In table 2 demographics and household composition related to pathways through which people became homeless are shown. Compared to the relationship group, the eviction group was slightly older (average age 39.6 versus 35.5 years; p = 0,08), living single more often (p = 0,000), and belonged to one of the major migrant groups more often (p = 0.025). The total average age for both sexes was 38 years, the range for males was 18–67 years, and for females 19–50 years.
Table 2

Demographics and household composition related to pathways into homelessness#

 

total (n = 120)

eviction (n = 41)

relationship (n = 38)

other (n = 30)

Demographics

n

%

n

%

n

%

n

%

sex

        

   male

105

88

38

93

33

87

26

87

   female

15

12

3

7

5

13

4

4

Age in years

        

   18–29

39

33

8

20

13

35

10

33

   30–39

30

25

15

38

11

30

8

27

   40–49

26

22

8

20

7

19

6

20

   50–59

14

12

6

15

4

11

3

10

   60–67

9

8

3

8

2

5

3

10

Country of birth

        

   Netherlands

58

48

15

38

18

47

21

70

   Surinam/Antilles/Morocco

24

20

13

33*

6

16

4

13

   Other

37

31

12

30

14

37

5

17

composition of household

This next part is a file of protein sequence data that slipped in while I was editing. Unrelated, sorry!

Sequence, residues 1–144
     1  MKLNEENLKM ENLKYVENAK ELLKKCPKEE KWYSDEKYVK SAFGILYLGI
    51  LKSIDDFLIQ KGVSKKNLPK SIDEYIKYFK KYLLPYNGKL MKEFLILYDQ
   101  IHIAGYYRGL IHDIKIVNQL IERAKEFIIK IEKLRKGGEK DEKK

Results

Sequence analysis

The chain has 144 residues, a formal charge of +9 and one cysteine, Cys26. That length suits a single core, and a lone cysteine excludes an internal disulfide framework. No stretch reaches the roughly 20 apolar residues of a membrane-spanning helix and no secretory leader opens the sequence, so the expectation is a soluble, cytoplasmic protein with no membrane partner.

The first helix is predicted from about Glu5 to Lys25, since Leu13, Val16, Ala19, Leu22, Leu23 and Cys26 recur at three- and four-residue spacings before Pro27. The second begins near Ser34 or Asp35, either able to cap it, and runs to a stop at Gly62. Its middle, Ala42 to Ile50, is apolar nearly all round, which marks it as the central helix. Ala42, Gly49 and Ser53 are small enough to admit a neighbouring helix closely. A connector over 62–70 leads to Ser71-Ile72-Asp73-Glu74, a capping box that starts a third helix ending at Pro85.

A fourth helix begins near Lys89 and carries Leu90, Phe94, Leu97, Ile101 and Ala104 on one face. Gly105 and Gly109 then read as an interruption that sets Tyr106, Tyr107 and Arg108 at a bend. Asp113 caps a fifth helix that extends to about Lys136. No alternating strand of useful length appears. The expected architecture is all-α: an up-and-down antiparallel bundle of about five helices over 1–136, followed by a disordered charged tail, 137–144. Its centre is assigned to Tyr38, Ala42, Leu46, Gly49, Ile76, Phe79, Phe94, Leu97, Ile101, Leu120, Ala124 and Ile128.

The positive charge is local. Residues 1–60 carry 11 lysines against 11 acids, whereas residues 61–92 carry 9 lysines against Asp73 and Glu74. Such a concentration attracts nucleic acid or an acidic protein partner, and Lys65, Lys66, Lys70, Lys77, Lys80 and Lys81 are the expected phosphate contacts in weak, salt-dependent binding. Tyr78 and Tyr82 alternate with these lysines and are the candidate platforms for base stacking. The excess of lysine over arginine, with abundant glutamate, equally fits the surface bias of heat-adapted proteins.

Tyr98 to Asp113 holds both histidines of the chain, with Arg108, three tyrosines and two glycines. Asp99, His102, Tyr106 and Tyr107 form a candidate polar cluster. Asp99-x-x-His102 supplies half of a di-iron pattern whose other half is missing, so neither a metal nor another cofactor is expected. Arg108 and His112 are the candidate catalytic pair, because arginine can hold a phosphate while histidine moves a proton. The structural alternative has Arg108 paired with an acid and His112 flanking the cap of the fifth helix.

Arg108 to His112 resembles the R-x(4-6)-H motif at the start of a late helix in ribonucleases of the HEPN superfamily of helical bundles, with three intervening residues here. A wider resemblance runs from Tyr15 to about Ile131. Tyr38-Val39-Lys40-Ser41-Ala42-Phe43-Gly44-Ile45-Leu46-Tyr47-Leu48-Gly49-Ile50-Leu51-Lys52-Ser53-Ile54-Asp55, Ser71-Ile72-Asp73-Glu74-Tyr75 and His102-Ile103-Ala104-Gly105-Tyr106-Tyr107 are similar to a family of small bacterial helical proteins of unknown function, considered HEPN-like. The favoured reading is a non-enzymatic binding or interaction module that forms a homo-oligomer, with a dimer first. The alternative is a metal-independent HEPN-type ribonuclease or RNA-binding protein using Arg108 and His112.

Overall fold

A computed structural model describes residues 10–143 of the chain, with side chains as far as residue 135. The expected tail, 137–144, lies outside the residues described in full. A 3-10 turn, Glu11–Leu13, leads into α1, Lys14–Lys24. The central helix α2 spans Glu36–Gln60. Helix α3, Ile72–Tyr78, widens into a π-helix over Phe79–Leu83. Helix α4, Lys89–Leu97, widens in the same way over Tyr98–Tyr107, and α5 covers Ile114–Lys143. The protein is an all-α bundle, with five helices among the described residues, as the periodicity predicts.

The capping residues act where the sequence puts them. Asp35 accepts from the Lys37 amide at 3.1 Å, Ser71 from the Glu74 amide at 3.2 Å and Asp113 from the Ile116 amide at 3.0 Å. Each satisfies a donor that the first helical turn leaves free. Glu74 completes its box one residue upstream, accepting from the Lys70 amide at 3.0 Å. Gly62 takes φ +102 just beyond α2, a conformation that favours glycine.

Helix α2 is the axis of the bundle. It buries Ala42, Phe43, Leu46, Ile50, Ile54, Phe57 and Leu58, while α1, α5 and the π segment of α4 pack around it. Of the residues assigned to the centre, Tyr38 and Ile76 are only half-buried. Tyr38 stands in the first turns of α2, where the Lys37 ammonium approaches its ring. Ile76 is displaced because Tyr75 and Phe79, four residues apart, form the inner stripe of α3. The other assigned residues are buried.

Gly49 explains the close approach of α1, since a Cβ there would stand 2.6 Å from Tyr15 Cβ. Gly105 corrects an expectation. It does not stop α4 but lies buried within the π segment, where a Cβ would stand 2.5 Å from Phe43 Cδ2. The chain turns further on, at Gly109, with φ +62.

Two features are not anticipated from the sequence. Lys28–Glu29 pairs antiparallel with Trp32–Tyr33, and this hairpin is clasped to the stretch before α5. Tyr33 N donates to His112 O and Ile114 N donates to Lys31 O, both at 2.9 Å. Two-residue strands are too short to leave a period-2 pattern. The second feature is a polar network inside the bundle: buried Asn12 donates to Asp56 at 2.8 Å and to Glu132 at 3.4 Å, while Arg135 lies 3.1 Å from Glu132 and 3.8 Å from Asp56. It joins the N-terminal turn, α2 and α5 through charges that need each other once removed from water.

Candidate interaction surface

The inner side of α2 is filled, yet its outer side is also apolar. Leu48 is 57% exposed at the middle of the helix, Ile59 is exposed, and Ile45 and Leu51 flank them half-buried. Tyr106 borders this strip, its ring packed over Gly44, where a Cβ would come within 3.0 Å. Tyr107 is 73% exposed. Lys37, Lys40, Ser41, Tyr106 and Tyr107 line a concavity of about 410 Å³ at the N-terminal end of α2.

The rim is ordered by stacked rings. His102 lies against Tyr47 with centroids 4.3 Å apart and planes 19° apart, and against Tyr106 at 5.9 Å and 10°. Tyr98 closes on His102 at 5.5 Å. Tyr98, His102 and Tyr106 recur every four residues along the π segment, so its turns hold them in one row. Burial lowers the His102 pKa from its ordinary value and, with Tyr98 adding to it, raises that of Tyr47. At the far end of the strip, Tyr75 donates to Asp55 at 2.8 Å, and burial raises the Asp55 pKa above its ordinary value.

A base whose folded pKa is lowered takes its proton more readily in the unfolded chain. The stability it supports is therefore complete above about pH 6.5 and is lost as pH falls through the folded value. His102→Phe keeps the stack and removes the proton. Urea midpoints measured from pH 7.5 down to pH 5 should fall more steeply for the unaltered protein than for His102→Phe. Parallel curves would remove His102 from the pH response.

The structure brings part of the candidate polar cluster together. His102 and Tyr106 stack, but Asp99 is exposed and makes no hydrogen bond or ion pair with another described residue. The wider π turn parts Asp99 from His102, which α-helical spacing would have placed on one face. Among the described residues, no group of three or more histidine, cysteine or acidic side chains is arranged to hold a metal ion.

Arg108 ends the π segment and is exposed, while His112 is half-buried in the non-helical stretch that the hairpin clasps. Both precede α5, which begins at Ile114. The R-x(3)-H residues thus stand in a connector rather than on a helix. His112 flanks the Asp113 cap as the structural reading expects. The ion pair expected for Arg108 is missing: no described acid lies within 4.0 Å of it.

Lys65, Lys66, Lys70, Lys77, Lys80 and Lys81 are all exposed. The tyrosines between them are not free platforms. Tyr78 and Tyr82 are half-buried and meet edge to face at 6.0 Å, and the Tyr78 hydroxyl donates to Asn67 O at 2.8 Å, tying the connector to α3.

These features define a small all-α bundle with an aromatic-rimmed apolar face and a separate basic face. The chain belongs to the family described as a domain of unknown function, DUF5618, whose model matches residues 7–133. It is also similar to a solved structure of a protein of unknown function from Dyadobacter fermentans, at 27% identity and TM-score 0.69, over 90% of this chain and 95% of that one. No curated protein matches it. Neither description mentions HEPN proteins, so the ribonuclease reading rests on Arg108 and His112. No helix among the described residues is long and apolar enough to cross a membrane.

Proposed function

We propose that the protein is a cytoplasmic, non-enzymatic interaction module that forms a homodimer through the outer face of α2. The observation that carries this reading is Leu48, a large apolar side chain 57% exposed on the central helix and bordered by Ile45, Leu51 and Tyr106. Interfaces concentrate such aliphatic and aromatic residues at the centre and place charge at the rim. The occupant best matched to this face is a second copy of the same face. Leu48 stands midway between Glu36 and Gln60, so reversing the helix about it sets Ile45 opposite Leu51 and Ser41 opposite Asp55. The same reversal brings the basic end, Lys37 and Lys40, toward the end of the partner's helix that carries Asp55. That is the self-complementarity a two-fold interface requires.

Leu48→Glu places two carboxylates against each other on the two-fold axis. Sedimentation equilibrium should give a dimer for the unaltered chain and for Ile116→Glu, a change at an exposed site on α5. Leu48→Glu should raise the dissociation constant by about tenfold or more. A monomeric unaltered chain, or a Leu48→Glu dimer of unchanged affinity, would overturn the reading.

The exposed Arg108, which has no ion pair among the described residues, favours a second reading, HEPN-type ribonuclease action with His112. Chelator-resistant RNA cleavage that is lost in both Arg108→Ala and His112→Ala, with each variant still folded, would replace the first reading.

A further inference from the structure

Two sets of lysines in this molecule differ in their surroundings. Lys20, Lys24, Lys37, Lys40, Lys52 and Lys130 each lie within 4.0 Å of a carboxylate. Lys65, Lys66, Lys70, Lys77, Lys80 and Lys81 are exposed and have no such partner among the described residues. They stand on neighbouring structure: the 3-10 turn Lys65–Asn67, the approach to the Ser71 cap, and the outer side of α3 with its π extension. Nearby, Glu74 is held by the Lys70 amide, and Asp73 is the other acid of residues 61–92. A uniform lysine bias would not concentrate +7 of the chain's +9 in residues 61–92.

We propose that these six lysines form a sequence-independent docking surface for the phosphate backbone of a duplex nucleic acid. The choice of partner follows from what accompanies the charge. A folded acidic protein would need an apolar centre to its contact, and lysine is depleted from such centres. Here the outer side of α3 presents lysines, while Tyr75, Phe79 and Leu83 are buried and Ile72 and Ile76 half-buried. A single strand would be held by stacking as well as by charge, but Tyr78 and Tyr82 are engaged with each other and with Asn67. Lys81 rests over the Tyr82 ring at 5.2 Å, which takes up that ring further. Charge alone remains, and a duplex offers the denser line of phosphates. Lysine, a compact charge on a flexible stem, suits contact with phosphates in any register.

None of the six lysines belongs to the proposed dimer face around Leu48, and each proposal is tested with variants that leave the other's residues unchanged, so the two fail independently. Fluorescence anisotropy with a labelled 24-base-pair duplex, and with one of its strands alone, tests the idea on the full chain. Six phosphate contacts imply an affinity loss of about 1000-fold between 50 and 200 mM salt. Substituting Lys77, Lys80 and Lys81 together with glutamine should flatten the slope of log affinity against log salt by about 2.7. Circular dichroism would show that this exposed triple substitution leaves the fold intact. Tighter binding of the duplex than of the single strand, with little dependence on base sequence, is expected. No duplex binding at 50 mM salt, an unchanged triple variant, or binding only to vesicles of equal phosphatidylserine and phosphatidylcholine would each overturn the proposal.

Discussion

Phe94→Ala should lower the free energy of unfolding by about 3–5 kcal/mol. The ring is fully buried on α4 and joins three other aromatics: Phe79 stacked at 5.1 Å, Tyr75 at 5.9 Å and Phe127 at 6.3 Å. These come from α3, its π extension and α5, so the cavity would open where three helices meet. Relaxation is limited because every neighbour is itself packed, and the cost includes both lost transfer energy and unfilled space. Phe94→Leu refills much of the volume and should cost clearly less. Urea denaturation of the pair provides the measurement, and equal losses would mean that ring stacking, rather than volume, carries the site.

single

46

44

26

63**

3

10

12

48

   with parents

6

6

1

2

3

10

2

8

   with partner

22

21

4

10

13

43

4

16

   with partner and children

18

17

4

10

8

27

4

16

   single parent

3

3

2

5

0

0

1

4

   with other adult

10

9

4

10

3

10

2

8

# 120 recently homeless people in Amsterdam, who lost their house for the first time between April 2002–April 2004.

* p = 0.025; ** p = 0.000

Pathways and problems

Self reported problems before homelessness related to pathways into homelessness are shown in table 3. Social problems were present in 81% of the total group, and medical problems in 76%. In the total group, before homelessness, almost two thirds (62%) had both social and medical problems (not in table 3). As expected, regarding pathways and social problems, the eviction group had significantly more often financial debts than the relationship group (p = 0,009). Logistic regression analyses showed that the only factor independently associated with financial debts were alcohol problems (OR 7.0 (95% CI: 2.0–25.0). Also in the relationship group almost half reported financial debts. The relationship group reported more domestic conflicts than the other groups (p < 0.001). Domestic conflicts were more common among those between 18–29 years and those 60 years and older, and among respondents not born in the Netherlands. Underlying social or medical problems were not significantly associated with domestic conflicts.